Chicago -- Morgan Stanley Dean Witter & Co. cable analyst Richard Bilotti
told a group of operators and investors late Monday that if cable wants to
continue to ride the growth wave in the midst of an economic downturn, it should
focus on rolling out new services.
Bilotti, speaking as part of a Wall Street panel at the National Show here,
was an early champion of free cash flow -- cash flow minus capital expenditures
-- as a way to gauge cable operators' success. But he has apparently had a
change of heart, urging operators to instead focus on growing the subscriber
base for new services.
'Enough about this free-cash-flow nonsense,' Bilotti said. 'It's the worst
benchmark. Phillip Morris [Cos. Inc.] has tons of free cash flow and trades at
about eight times [cash flow]. What you need to focus on is return on invested
The ROIC on digital cable and cable modems is so far above the cost of
capital that operators should be 'reinvesting every dime of cash flow you can
get your hands on' into new services, he added.
Other panelists agreed that cable's outlook for the long term was bright.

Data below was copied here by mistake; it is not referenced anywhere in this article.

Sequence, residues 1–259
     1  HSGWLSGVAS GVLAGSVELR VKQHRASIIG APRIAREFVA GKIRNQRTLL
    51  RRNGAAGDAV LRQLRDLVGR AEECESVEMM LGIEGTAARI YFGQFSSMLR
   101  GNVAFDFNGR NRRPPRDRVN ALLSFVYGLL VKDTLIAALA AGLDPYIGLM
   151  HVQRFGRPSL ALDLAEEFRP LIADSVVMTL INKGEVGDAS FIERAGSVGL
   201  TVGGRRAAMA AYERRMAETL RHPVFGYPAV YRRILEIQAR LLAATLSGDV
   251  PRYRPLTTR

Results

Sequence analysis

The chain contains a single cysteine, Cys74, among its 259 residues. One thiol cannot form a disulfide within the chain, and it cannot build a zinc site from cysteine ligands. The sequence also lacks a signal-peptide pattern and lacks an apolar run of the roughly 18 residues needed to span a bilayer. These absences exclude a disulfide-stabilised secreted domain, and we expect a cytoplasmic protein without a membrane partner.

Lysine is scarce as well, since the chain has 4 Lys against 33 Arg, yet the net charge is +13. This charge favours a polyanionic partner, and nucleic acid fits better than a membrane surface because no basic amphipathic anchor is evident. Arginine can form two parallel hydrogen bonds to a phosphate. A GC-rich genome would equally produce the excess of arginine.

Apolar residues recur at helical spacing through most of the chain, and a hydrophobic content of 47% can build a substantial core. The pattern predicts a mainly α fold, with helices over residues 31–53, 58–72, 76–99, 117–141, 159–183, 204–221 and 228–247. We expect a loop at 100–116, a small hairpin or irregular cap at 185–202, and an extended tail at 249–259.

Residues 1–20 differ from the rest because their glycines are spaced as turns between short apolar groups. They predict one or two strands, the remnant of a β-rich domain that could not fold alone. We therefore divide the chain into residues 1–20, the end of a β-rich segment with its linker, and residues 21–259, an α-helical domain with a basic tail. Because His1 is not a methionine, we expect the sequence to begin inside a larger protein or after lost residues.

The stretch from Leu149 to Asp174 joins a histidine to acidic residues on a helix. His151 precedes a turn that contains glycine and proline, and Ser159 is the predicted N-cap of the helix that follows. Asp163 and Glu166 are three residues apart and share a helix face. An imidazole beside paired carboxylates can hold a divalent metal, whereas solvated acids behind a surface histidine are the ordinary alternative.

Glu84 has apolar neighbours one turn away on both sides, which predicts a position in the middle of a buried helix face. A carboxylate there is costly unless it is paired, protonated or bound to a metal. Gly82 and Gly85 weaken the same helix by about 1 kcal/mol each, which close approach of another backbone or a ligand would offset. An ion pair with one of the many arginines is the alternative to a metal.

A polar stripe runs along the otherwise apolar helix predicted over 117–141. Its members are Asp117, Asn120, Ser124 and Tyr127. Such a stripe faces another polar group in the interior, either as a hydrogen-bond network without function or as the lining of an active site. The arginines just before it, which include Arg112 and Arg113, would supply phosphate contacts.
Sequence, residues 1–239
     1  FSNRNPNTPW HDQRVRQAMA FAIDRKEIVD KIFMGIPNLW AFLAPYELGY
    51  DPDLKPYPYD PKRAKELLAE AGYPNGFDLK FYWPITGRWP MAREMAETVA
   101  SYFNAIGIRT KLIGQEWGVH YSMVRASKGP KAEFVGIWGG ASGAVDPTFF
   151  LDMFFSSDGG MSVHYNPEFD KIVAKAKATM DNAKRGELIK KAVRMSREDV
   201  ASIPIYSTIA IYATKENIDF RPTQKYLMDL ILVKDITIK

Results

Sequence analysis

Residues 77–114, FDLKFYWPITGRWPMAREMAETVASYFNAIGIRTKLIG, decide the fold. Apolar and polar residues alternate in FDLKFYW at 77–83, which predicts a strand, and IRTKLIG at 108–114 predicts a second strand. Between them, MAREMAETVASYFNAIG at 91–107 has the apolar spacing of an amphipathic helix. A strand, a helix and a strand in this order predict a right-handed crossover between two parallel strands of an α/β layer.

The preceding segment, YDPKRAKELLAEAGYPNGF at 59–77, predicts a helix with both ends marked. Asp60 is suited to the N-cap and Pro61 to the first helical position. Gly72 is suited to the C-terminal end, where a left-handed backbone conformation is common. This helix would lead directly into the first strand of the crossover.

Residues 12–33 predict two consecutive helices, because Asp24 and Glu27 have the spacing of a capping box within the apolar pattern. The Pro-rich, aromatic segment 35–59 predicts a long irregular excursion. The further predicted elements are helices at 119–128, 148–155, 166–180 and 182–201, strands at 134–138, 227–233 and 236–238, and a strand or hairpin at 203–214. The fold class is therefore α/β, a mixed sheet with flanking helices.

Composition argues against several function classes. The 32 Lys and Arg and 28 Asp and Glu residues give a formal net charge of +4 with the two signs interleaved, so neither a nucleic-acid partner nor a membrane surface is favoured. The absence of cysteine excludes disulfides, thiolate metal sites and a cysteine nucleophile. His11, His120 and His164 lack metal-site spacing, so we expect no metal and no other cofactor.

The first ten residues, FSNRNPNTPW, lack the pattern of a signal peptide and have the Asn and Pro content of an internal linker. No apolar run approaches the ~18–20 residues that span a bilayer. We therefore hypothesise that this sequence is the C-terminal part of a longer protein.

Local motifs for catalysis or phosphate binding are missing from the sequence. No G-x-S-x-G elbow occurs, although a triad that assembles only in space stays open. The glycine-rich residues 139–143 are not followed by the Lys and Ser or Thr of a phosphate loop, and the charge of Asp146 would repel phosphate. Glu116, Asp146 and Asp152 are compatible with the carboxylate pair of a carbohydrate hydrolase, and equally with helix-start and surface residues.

Merrill Lynch & Co.'s Jessica Reif Cohen considered current cable
cash-flow multiples 'stretched.' She expected money to continue to flow out of
the cable-operator sector in the short term, especially if News Corp. or
EchoStar Communications Corp. acquires direct-broadcast satellite powerhouse
'[News Corp.] will use all of its leverage points in competition with cable
operators in rolling out a more robust platform,' she added.
Cohen said any sign of a rebound in the advertising market could trigger a
rotation of money from cable operators toward other media stocks. Still, she was
optimistic in the long term for cable, with high cash-flow and revenue growth, a
benign regulatory environment and the promise of new services.
She placed an 18-times-cash-flow target multiple on cable operators, adding
that she does not include interactive services, which could add another four
points to that valuation when they are rolled out.
Salomon Smith Barney analyst Niraj Gupta disagreed that investors would bail
once the ad market shows improvement. 'I don't think we will see sector
rotation,' he said. 'I think cable is in a very strong position.'
Bear Stearns & Co. analyst Ray Katz said DBS providers hold the
'marketing high ground' because of their national footprint, but cable has the
tools and products to come out ahead.